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Not everything is cancelled. Here are the best things to do online, plus one offline option
Many events were quick to cancel in the face of lockdown measures – but not Immersive Van Gogh. To circumvent physical distancing rules, organizers of the five-storey art exhibition, which uses light, sound and movement to bring the Dutch impressionist master’s works to life, reimagined the show as a drive-thru for an 11-day preview. When the exhibition opens to foot traffic, physical distancing circles will be on the ground so visitors can keep apart. They really don’t want to give you any excuse not to go – and as the only major IRL event still happening, it’s not like you have many other options.
June 18-28 (Gogh By Car preview) July 1-September 30. Toronto Star Building (1 Yonge). $40-$95. vangoghexhibit.ca
Outside the March’s brilliant response to the pandemic, a week’s worth of personalized short phone calls about something missing in a patron’s life, has been extended during the hot season, thanks to SummerWorks. The free SummerWorks spots (until July 4) sold out quickly, but there may be a wait list. American Sign Language investigations take place until the end of June. And the regular micro mysteries continue through July for the regular $35 connection fee. And SummerWorks, after collaborating with OtM and Canadian Stage and Club Quarantine with Essential Play, will announce its July and August offerings soon.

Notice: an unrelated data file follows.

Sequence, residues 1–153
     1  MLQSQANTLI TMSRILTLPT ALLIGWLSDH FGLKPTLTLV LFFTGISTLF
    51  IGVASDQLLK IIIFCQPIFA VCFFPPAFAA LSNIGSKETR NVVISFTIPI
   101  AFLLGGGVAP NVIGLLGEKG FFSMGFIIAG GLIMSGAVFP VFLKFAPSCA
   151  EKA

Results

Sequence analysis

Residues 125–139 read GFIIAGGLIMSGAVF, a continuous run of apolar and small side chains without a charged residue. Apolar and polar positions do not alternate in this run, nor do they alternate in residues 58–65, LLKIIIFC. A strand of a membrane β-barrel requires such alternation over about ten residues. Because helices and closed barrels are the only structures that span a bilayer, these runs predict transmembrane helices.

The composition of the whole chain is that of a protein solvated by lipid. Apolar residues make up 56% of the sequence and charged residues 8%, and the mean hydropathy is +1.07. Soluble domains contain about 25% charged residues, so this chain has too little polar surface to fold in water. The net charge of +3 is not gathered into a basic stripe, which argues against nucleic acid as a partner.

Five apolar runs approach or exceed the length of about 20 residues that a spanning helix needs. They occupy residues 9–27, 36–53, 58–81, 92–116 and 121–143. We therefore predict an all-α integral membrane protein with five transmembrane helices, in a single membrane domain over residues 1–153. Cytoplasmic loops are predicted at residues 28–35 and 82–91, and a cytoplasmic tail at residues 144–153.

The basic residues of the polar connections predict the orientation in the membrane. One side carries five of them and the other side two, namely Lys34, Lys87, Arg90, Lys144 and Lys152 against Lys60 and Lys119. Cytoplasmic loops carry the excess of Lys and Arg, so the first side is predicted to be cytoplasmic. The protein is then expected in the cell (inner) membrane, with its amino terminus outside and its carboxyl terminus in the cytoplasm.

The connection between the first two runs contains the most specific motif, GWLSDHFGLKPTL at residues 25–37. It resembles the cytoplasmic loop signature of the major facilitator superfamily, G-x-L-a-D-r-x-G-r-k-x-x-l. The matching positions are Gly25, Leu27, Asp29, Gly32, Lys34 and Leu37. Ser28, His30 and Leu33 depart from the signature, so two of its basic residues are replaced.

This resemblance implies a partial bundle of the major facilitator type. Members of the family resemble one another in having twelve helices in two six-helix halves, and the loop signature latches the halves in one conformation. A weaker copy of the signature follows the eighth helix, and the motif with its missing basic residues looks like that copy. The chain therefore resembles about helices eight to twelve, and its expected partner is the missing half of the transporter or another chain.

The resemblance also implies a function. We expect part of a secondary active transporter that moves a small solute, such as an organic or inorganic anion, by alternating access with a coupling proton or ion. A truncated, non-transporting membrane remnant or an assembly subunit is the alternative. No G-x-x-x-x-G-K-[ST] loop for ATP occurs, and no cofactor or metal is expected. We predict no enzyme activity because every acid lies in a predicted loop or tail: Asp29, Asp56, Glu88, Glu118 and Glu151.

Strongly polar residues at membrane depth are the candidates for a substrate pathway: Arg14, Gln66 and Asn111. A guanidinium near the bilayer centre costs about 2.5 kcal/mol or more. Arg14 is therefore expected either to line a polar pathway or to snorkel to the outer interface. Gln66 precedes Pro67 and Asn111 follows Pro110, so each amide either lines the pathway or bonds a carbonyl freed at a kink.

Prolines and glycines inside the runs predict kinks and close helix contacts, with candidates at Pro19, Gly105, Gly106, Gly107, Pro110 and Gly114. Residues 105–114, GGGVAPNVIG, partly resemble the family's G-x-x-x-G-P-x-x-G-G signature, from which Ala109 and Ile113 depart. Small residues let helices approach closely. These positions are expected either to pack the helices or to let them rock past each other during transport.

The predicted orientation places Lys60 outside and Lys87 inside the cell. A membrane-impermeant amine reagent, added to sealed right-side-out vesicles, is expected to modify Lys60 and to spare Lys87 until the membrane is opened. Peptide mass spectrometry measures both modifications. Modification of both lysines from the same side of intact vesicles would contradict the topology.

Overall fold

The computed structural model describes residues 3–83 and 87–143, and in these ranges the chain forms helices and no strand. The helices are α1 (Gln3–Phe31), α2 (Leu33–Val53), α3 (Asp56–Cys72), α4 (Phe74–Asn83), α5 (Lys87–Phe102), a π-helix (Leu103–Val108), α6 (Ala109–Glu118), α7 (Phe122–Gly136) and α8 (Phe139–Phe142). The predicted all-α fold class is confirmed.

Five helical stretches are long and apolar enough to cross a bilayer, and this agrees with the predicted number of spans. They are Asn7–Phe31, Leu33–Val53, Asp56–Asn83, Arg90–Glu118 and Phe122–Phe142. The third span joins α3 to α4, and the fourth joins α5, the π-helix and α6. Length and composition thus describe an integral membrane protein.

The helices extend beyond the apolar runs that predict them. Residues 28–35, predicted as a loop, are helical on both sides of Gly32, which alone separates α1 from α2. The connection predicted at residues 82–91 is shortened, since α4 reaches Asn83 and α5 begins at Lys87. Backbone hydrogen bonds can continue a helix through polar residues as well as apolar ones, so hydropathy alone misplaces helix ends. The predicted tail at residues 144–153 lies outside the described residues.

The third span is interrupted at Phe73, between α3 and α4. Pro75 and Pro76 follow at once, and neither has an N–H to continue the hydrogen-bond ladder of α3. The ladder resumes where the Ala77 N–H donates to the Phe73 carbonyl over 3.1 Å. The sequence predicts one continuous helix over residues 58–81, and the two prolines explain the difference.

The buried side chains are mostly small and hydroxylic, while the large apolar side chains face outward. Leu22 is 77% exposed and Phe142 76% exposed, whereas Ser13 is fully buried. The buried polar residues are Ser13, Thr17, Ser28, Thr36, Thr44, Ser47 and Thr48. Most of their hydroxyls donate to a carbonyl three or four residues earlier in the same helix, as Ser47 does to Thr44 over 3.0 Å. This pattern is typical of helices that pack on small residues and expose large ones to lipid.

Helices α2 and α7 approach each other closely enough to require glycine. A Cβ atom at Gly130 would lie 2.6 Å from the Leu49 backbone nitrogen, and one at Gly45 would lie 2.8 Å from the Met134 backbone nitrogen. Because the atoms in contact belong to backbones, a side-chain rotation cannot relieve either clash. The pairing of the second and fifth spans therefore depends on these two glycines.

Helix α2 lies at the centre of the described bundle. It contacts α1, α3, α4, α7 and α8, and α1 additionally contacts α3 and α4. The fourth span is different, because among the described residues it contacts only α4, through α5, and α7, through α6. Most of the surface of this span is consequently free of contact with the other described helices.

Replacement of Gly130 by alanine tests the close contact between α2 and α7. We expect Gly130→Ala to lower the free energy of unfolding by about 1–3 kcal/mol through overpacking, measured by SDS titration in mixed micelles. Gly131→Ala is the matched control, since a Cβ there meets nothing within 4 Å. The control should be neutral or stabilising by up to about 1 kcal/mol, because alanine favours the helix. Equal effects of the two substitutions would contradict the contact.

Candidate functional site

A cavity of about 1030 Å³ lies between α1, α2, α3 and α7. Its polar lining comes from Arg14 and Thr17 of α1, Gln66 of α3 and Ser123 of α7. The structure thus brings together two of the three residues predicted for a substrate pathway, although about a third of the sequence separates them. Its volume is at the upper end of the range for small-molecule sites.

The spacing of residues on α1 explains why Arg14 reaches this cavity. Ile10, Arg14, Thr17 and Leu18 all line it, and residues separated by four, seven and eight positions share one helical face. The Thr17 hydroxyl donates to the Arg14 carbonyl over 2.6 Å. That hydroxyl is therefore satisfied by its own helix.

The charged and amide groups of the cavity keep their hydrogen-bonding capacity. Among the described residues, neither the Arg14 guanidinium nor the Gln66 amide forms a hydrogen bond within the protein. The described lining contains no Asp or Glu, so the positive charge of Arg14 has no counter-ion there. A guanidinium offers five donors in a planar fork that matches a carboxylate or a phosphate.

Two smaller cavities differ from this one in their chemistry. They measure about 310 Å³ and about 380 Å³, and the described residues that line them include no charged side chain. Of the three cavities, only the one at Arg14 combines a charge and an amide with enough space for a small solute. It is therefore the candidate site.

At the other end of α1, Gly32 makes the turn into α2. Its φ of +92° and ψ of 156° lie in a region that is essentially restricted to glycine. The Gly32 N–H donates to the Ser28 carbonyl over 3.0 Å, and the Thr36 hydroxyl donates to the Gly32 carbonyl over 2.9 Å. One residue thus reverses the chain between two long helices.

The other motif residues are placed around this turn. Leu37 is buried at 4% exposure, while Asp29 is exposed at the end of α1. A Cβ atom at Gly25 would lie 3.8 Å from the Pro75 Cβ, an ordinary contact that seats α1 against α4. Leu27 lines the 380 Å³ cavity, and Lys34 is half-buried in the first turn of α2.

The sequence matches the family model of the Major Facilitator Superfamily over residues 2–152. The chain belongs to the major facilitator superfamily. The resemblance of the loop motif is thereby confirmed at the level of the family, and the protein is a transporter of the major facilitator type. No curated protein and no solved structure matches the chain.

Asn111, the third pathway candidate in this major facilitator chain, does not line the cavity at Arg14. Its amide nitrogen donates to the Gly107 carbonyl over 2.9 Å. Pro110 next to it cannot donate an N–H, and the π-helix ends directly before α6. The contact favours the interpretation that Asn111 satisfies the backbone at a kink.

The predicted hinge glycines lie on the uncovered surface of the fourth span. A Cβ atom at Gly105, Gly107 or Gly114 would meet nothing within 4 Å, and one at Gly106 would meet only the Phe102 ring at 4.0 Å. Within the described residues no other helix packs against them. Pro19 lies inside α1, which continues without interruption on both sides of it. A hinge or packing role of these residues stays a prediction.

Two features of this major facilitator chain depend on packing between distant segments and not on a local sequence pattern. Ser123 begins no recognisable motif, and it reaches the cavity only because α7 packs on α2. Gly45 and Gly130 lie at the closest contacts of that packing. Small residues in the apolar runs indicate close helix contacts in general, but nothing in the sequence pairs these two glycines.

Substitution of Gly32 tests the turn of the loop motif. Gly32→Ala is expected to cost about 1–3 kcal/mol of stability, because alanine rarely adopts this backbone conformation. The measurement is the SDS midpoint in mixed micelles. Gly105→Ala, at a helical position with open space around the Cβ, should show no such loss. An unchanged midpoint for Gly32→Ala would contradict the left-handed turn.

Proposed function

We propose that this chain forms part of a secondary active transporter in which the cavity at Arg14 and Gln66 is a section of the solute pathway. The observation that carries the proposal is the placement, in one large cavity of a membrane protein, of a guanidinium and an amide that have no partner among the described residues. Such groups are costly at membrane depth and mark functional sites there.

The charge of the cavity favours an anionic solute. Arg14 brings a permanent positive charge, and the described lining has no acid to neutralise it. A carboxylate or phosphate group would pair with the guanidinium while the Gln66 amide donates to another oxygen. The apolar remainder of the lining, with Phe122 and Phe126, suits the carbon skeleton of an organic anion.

Through July. summerworks.ca, mundanemysteries.com
So far the performers at this distanced version of the Ontario Place amphitheatre concert season has been heavy on the CanCon with bands like Barenaked Ladies, Blue Rodeo and the Trews. The next one, though, gets the ubiquitous soul crooner John Legend, who plays just about anywhere there’s a stage. Now he’ll play in your living room. Lennon Stella is also on the bill.
June 20, 8 pm. On Citytv and citytv.com
One of the city’s biggest festivals was among the first to make the Great Pivot to a virtual format. Pride Toronto has been hosting a mix of pre-recorded and live events online, such as bingo, panel talks and trivia, all month. But the main event for LGBTQ folks is still festival weekend, with the Trans March, Dyke March and Pride Parade shifting to online formats. The parade will feature a countdown with surprise celeb guests and performers. Popular parties like Blockorama, Yes Yes Y’All and Alternaqueer will also migrate to the web.